Southampton is the exclusive province of rich white folk. Mostly summer residences, the names include David Koch, George Soros, Damon Mezzacappa, Arthur Sulzburger, Chuck Scarborough, Leonard Stern, and John Paulson (I think he sold recently, but whatever). Over in the East Hamptons, one finds Jeff Zuker, Jann Wenner, Ron Perelman, and about twelve different hedge fund managers…oh, and P.Diddy. I mention all this, because it’s worth keeping in mind that the people who shape network news, entertainment, and who reap obscene profit off this addiction to social media …. not to mention those who profit off defense projects, arms, and military communications, all live in the same hood, and socialize together. These are homes in the neighborhood of thirty to fifty million dollars each.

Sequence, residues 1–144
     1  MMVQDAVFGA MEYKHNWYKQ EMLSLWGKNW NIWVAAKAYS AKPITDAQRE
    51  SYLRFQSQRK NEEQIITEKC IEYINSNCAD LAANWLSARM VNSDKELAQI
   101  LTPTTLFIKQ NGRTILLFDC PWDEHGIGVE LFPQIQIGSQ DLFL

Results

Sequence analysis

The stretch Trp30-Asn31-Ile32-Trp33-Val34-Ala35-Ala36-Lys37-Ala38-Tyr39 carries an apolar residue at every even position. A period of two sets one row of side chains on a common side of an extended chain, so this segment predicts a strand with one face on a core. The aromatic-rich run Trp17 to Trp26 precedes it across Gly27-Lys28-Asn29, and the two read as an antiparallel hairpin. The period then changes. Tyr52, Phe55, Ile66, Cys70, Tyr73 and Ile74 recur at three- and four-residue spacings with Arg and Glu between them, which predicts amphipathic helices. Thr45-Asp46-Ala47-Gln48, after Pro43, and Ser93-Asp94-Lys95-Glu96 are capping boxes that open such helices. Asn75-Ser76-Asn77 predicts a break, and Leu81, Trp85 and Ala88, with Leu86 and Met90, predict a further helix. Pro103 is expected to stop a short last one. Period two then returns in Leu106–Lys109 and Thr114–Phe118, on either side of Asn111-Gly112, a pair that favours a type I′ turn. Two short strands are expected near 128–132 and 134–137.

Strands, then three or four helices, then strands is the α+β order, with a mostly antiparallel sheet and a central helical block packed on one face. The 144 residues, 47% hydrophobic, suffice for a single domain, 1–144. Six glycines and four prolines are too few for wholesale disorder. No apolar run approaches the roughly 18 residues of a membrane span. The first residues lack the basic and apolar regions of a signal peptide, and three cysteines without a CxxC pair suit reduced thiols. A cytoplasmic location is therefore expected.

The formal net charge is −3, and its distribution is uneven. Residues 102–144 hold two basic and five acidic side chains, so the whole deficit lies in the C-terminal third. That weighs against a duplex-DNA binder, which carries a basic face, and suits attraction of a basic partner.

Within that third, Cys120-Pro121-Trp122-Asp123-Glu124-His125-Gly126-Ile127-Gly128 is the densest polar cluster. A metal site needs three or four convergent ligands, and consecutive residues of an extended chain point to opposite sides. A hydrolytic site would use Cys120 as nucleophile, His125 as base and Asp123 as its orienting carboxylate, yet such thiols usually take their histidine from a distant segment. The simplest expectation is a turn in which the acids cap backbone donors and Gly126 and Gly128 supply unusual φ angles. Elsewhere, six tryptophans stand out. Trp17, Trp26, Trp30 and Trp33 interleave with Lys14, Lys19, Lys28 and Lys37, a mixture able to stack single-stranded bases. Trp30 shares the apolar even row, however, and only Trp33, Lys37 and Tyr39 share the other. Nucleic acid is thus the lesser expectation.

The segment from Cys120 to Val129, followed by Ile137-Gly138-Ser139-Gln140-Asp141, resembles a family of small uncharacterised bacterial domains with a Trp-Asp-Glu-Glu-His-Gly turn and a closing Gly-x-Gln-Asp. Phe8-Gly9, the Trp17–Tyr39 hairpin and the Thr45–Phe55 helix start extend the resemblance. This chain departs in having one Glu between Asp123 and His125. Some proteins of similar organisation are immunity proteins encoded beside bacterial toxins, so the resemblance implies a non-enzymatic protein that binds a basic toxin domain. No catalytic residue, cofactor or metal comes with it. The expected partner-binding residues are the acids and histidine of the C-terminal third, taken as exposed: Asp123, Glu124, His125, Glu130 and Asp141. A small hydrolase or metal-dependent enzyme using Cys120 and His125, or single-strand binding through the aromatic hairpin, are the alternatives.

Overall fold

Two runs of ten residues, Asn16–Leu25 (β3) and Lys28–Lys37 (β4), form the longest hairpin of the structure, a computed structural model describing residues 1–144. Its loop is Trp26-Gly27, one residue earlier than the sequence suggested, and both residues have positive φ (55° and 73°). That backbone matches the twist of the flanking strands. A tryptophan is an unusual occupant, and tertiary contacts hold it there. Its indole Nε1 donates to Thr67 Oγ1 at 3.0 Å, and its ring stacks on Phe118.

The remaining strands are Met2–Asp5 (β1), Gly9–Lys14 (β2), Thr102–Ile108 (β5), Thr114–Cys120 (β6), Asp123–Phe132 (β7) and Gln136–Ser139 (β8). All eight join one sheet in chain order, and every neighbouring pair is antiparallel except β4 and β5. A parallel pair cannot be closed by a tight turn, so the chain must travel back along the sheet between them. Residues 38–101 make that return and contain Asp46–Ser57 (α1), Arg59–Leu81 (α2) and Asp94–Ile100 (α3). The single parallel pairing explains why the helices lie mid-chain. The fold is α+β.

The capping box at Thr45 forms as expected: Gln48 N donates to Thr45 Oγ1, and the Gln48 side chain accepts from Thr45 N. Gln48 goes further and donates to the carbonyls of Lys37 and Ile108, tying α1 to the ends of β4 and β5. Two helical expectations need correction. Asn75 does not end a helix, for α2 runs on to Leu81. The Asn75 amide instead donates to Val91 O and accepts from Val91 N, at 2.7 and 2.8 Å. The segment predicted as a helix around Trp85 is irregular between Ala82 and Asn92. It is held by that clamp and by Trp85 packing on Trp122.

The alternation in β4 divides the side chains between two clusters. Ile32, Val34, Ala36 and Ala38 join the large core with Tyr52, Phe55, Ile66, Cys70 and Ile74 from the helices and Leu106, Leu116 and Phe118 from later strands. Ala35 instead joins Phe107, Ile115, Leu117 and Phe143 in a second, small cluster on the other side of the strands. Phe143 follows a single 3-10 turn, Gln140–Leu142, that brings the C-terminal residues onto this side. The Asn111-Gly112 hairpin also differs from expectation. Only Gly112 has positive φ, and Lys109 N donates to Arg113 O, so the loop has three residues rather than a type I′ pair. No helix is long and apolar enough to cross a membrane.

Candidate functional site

The system breeds inequality.
In government, strolling the corridors of power, are the day players: